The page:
Religious conflicts, issues of identity and cohesion, and keeping conflicts at bay were some issues discussed in the commentary by Mr Mohammad Alami Musa (Will Singapore 2030 be less or more cohesive?, Jan 21).
Singapore's secularism is unique - all (including the religious and atheists) have a voice in the public space, provided they do not invoke religious morals to support their public arguments. And all religious groups have a voice in the Inter-Racial and Religious Confidence Circles, provided they comply with the Maintenance of Religious Harmony Act.
Arguably, the uniqueness of Singapore's secularism has been the bedrock of the country's economic success in the past 55 years.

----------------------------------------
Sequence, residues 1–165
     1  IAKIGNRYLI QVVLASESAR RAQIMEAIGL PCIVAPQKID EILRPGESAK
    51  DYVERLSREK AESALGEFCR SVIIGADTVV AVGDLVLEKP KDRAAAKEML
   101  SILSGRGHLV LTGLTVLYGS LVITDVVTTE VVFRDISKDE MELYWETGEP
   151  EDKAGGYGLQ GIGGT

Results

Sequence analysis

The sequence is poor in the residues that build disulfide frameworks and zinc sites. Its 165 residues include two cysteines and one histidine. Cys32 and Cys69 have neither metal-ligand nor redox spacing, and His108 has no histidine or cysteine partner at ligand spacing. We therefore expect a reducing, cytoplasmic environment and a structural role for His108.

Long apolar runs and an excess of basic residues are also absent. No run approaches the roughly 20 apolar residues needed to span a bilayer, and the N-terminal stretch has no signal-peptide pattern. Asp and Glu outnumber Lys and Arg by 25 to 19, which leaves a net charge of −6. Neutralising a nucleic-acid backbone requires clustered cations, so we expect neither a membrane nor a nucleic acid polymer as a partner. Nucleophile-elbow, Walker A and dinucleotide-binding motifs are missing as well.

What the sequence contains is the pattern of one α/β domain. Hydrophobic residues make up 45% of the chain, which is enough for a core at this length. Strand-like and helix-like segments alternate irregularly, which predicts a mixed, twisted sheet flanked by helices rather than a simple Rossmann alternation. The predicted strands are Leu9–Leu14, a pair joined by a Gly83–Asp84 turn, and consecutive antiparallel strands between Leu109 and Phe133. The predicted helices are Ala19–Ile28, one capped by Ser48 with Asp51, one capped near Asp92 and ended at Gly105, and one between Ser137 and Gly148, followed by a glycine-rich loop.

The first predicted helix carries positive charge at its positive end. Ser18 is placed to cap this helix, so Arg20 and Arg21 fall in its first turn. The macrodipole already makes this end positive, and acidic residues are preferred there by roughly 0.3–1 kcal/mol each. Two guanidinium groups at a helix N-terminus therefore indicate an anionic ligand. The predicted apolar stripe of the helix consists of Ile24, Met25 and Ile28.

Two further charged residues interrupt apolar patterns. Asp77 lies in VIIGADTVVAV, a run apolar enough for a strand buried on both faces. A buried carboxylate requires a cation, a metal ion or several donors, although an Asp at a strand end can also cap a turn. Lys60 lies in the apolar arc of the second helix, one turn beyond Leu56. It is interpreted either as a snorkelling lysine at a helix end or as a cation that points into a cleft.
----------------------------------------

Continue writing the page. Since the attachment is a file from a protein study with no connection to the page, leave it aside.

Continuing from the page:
I agree with Mr Alami, head of the Studies in Inter-religious Relations in Plural Societies Programme at the S. Rajaratnam School of International Studies, that young Singaporeans are the primary actors here; and that Singapore's secularism must be enhanced.
Although Singaporeans are, by and large, reasonable people, it is vital that young Singaporeans - from primary schools through universities into their adulthood - be provided with an environment conducive for learning to think, reason and understand.
Outspoken, educated young Singaporeans will, without doubt, enrich dialogues and discussions on public issues such as sexuality, marriage, family and euthanasia by reasoning together in the public space, building consensus and strengthening society.
The more reasonable we are, the more inclusive we will be.